There are dozens of television shows about cops and dozens of comedies. But, since the end of the much-missed “Reno 911!”, there has not been a police comedy. Fortunately, “Brooklyn Nine-Nine” has come along to fill the void and premieres Tuesday, Sept. 17 at 8:30/7:30c on FOX.
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The show about a precinct of quirky but effective police officers continues a tradition that dates as far back as “The Andy Griffith Show” with some contemporary twists that Andy would never have imagined. The cast includes “Saturday Night Live” alumnus Andy Samberg and serious thespian Andre Braugher. The set up is simple: New Captain Holt (Braugher) is a traditional cop while Detective Jake Peralta (Samberg) is the snarky young gun.
Here are five things you need to know about “Brooklyn Nine-Nine.”
1. It’s From the Creators of “Parks & Recreation.” If the bizarre personalities, interoffice flirtations and general bonhomie between the characters seems familiar, that’s because the show was created by Mike Schur and Dan Goor, who also created the Peabody Award-winning cult hit “Parks & Recreation.” That comedy pedigree inspired Samberg, who also is credited as a producer, to sign on with the show. “I took a cue from Amy Poehler in terms of feeling confident about making this decision. Not just because she [segued] successfully out of [“Saturday Night Live”] into a show, but because she literally did it with the same guys.”
2. Andre Braugher and Andy Samberg Are the Best Odd Couple Since Felix and Oscar. It’s difficult to think of a more unlikely pairing than Samberg and Braugher, with the possible exception of the theoretical combination of Snooki and Dame Judi Dench. But it turns out to be brilliant. The contrast between Braugher’s classical training and Samberg’s improv background mirrors the differences between the characters that they play. Samberg explains, “Because of that gravitas that he has and that actual acting training, and because that’s so the opposite of where I come from and how I’ve gotten into comedy, I feel like our characters play perfectly into our experience leading up to this point. He’s able to ground scenes and let me sort of act like a maniac all around him like a yipping little dog in a way that has, so far, been really funny.”
Schur revealed the secret of the Peralta/Holt dynamic. “When Dan and I first started conceiving of the character in the show, we had this character detail for Jake that he was the kind of kid in high school that bragged to his friends and would say, “I didn’t even study for that test and I got a B.” And the idea was that Holt comes along and says, “Hey, you should study and get an A.” That was the essential dynamic of the two characters.”
3. Yes, the Captain is Gay. But He’s Also a Lot of Other Things. The most unexpected moment in the pilot is when Captain Holt explains that he’s a stickler for doing things by the book because he’s gay and had to work harder to fit into the macho police culture. But Holt’s sexuality is just one facet of his personality. “We think of it as a character trait that’s like a guy who’s from Orlando or something,” said Goor. “It’s a fact of his life and it has certainly influenced what kind of person he is and the shape that his career has taken, but it doesn’t overwhelm him. It doesn’t define him. It’s not the entirety of who he is.” However, as the show develops, his romantic life will be explored. “We have plans in the future to get more into his personal life and possibly meet his partner/husband, but that won’t happen in the first little batch of episodes. We really wanted to focus on the precinct and the work family before we got into the personal lives of the characters.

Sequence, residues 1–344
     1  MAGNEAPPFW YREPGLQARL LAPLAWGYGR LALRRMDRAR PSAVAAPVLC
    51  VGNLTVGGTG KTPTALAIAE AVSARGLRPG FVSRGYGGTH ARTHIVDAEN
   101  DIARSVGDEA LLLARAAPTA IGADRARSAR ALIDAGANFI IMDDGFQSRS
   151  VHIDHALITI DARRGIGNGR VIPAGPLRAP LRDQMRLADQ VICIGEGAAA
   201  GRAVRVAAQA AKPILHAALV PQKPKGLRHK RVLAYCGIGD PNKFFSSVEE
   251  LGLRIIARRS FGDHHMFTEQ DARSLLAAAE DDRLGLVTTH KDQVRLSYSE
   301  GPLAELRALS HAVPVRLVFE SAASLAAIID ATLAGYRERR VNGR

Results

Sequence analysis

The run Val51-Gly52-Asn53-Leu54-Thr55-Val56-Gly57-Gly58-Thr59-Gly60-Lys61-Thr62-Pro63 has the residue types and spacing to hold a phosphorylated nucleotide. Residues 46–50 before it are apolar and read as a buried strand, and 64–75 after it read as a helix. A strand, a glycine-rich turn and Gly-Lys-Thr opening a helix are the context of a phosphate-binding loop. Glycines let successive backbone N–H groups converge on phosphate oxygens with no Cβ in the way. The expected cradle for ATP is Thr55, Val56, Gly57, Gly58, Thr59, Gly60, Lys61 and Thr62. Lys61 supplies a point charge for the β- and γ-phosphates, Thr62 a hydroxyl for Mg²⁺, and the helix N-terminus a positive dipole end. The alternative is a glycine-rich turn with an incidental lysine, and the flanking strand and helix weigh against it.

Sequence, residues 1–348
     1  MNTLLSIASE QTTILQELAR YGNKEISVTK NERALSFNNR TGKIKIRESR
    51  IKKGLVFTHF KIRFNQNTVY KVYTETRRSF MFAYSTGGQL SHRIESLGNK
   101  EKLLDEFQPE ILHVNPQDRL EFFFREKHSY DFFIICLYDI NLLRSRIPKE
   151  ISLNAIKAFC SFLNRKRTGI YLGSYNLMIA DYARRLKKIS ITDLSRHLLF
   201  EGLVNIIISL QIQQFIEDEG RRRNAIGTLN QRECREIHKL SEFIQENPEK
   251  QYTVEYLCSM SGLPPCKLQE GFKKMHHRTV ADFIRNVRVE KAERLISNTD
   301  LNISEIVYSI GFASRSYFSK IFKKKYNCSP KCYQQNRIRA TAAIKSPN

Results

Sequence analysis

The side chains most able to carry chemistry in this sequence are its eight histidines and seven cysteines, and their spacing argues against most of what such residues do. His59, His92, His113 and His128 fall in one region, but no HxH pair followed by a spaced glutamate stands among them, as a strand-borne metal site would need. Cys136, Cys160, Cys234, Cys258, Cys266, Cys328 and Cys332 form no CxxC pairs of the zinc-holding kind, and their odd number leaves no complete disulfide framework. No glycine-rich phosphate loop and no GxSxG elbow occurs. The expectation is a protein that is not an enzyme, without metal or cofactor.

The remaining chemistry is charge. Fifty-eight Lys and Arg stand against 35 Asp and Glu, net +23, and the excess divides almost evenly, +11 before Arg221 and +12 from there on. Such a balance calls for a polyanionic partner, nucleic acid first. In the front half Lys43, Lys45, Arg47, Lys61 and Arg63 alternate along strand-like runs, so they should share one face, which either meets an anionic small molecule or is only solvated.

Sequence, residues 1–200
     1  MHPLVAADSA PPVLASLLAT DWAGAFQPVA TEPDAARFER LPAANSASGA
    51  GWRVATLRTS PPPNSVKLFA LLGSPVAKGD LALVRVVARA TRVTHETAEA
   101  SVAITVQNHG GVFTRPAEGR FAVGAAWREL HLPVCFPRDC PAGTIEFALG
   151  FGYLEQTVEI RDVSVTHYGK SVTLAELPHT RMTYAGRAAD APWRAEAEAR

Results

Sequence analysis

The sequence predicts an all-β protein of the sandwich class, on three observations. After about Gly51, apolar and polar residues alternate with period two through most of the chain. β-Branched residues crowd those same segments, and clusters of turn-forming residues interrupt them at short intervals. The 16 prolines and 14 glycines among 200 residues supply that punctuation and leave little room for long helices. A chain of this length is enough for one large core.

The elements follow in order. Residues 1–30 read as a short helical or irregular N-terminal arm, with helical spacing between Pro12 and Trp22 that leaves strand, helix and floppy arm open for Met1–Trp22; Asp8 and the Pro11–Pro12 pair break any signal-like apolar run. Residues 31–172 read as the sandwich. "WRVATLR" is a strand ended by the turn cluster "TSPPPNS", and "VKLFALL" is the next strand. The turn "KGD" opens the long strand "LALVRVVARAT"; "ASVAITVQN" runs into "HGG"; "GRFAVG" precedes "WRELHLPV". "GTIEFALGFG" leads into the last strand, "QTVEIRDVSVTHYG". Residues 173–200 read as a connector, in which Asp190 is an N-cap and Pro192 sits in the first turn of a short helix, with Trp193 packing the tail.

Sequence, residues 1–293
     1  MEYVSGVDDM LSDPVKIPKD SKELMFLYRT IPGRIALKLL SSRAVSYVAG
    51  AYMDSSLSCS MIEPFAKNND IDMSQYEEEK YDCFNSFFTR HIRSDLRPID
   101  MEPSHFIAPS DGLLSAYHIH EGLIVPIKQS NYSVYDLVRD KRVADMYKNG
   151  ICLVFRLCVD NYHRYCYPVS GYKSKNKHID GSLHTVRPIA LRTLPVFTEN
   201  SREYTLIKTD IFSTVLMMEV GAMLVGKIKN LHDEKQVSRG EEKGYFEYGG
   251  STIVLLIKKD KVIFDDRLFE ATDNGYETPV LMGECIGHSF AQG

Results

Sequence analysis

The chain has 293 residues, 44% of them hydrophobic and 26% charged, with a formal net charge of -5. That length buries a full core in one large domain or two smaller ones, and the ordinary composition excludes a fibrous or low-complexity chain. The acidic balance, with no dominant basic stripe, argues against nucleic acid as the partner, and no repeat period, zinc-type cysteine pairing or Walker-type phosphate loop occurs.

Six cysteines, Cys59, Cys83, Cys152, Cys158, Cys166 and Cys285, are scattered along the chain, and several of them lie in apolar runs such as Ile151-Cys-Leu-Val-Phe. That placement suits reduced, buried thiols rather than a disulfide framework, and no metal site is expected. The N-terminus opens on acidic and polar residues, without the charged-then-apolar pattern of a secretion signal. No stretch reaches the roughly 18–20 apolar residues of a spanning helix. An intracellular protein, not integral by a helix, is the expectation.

4. The Creators Were Inspired by a Classic Sitcom. Back in the 1970s, when New York was gritty and suits were made out of polyester, a classic sitcom, “Barney Miller,” was set in a New York precinct. The resemblance is no coincidence. Says Schur, “We were both fans of “Barney Miller” and we have fond memories of “Barney Miller,” and just the more we talked about it the more it seemed like something that, at least in the half hour network comedy world was at least somewhat unexplored territory, I guess. As soon as we came to that conclusion and we started talking about it, we just liked the idea more and more and we kind of stuck with it.”
5. The Producers Already Know How the Series Will End. Though they have only written a few episodes of the show, the creators have already planned the series finale. Says Schur (who played Dwight’s cousin Mose on “The Office”) with his tongue planted firmly in his cheek, “I think what will happen is that at the very end, it will be revealed that this entire thing was a dream in the mind of Mose. Like, the camera will slowly push past as Jake Peralta assumes the captaincy and the command of the Nine-Nine, it will slowly push outside and into a hospital room where a dehydrated Mose will be lying on a cot somewhere, and you’ll realize that this entire thing was happening in a snow globe next to his bed.”
“Brooklyn Nine-Nine” premieres Tuesday, Sept. 17 at 8:30/7:30c on FOX.
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